Their faults aside, goats can be sweet, lovable, friendly, funny, and full of personality. Additionally, I look forward to my time spent milking each day, and I love goat milk and my homemade soft goat cheese.
To me, the rewards are worth the work, as long as you understand some of their quirks before you get started. :)
So have you ever kept goats?  What was your biggest challenge to goat ownership?
Heather Jackson, Green Eggs & GoatsHeather is into cooking, cow milking, gardening, goat chasing and egg gathering.  She loves cast iron cookware and all things Mason jar.  She despises laundry.  She is also a novice martial arts practitioner and a homeschooling mom of three and host mom to a Danish exchange student.  She and her family live on three beautiful acres in Remlap, Alabama.
You can find more of her farming mis-adventures and delicious recipes at her Green Eggs & Goats website.

 

 

How to Train a Heifer to Become a Family Milk Cow

Twyla Title Photo

Today I’m welcoming Ashley from The Browning Homestead to the blog! Not all of us are fortunate to start off with a quiet, trained milk cow (I wasn’t!), so Ashley is sharing her expertise on how to start with a heifer, and end up with a quiet family cow!

We all have that dream of having our own milk cow. She gives us gallons upon gallons of milk each day. We’ll make yogurt, sour cream, butter, mozzarella cheese, and have lots of milk for the other barnyard animals.

While that was certainly my vision when I purchased my family cow, it didn’t quite turn out that way. We had trouble getting her bred and she didn’t give much milk. But she calved easily and was a gentle cow and terrific mother. So we decided to buy a few more milk cows: HEIFERS.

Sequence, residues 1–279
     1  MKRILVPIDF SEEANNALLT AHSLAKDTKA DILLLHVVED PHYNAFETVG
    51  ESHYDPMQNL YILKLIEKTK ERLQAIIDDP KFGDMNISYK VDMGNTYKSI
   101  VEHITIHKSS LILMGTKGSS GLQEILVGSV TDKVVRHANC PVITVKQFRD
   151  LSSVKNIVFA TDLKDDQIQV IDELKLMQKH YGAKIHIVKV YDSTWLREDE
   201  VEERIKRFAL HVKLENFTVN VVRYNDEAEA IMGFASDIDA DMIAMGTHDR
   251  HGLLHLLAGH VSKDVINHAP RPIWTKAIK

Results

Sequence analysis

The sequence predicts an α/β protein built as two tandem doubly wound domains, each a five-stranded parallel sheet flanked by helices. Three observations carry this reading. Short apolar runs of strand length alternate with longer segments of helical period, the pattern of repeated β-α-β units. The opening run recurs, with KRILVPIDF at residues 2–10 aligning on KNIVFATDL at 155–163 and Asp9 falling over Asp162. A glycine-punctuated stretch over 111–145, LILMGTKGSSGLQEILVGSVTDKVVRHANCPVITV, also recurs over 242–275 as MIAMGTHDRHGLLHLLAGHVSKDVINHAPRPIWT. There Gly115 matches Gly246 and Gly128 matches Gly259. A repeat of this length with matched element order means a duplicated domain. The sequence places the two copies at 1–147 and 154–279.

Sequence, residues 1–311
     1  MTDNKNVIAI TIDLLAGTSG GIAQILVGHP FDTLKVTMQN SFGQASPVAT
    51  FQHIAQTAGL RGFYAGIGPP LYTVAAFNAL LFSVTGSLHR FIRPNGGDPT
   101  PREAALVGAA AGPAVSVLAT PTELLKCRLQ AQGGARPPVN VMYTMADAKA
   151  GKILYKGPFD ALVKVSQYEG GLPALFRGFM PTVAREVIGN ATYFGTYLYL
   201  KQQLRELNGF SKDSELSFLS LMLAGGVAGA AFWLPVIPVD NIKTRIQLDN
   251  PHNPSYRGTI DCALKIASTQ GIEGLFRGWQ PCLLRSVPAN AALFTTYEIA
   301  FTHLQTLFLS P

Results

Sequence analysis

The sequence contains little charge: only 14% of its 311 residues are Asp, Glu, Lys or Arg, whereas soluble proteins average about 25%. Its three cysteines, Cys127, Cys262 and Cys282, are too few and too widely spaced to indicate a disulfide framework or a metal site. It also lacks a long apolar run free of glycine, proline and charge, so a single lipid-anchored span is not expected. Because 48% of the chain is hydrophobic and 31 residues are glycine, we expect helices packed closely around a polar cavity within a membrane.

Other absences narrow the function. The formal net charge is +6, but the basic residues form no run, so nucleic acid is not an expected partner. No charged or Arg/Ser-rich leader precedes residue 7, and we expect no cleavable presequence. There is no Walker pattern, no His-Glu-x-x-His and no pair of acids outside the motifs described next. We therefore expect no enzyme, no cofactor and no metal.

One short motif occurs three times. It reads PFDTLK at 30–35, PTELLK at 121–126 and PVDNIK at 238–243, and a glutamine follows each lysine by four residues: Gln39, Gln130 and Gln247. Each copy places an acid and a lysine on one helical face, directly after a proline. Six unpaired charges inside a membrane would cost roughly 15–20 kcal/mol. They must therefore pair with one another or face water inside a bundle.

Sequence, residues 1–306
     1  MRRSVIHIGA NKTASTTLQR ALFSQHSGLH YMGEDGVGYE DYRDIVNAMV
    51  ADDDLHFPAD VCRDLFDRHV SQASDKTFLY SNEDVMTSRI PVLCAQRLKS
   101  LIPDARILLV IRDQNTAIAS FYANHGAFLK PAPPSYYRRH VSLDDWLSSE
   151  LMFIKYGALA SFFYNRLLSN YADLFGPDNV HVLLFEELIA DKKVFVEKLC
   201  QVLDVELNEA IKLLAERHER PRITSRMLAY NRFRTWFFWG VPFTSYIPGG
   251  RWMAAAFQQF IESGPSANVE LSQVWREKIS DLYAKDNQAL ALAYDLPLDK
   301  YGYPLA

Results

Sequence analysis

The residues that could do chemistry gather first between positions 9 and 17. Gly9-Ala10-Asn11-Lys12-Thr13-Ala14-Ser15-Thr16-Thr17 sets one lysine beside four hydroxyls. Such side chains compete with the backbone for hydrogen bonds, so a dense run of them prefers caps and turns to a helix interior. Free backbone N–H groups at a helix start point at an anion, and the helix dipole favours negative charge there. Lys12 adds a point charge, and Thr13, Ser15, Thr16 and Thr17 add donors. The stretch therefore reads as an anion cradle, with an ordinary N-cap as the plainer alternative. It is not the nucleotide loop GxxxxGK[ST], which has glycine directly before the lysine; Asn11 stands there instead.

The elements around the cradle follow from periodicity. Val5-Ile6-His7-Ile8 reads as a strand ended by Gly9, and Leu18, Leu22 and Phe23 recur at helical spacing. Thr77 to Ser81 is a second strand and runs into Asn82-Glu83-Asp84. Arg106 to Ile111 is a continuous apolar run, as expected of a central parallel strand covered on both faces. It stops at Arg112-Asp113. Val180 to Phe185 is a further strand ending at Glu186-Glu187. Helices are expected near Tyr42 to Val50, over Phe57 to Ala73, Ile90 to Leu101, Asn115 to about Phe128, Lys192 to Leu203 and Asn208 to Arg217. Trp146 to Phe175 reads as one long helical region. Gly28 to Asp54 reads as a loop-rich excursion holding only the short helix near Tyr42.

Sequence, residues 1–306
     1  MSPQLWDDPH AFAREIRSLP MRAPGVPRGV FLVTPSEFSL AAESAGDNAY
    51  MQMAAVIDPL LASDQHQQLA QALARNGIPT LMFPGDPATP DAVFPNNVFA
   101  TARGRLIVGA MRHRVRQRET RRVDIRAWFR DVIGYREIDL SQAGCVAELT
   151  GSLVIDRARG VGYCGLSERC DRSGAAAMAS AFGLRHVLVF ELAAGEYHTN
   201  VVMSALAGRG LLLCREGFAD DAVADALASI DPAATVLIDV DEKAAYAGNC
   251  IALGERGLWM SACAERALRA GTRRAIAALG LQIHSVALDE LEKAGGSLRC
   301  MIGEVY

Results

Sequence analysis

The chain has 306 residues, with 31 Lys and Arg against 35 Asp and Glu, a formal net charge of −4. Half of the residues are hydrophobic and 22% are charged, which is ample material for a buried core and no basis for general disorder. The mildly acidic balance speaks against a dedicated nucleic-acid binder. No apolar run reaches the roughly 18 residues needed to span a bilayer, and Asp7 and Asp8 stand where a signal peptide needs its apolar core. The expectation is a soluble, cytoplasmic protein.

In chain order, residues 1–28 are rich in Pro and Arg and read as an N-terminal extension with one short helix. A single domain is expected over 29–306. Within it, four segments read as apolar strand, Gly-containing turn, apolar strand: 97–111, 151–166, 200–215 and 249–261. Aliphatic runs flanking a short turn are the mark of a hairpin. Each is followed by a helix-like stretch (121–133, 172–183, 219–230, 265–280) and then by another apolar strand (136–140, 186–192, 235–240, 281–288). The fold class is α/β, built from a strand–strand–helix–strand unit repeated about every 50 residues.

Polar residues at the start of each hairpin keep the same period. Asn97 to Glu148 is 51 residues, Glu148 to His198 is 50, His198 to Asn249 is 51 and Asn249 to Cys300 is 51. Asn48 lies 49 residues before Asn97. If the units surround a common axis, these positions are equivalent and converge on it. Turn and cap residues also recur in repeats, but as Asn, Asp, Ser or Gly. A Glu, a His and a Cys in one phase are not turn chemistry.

Training a heifer (a young female cow) to become a family milk cow can be a bit tricky sometimes. Following these few simple guidelines can set you and your milk cow up for a long, productive relationship together!

Practices for Pre-Calving

1. Bring your heifer (or cow) to your homestead before she calves. This will help her to become familiar with YOUR set-up. She’ll become comfortable and less nervous about where she will calve and who will most likely be around (kids, dogs, chickens, and other barnyard friends)

2. Practice your milking routine (without actually milking her). Tie her up to a post or put her in your milking stanchion. Give her a flake of good hay and practice your routine. Spray her down with fly spray and brush her all over. Don’t forget to tell her sweet nothings into her ear: what a good cow she is and how she’ll be a great mama cow! This goes a LONG way. And it really helps her to know what to expect after she calves. (Jill: Click here for a video of my milking routine!)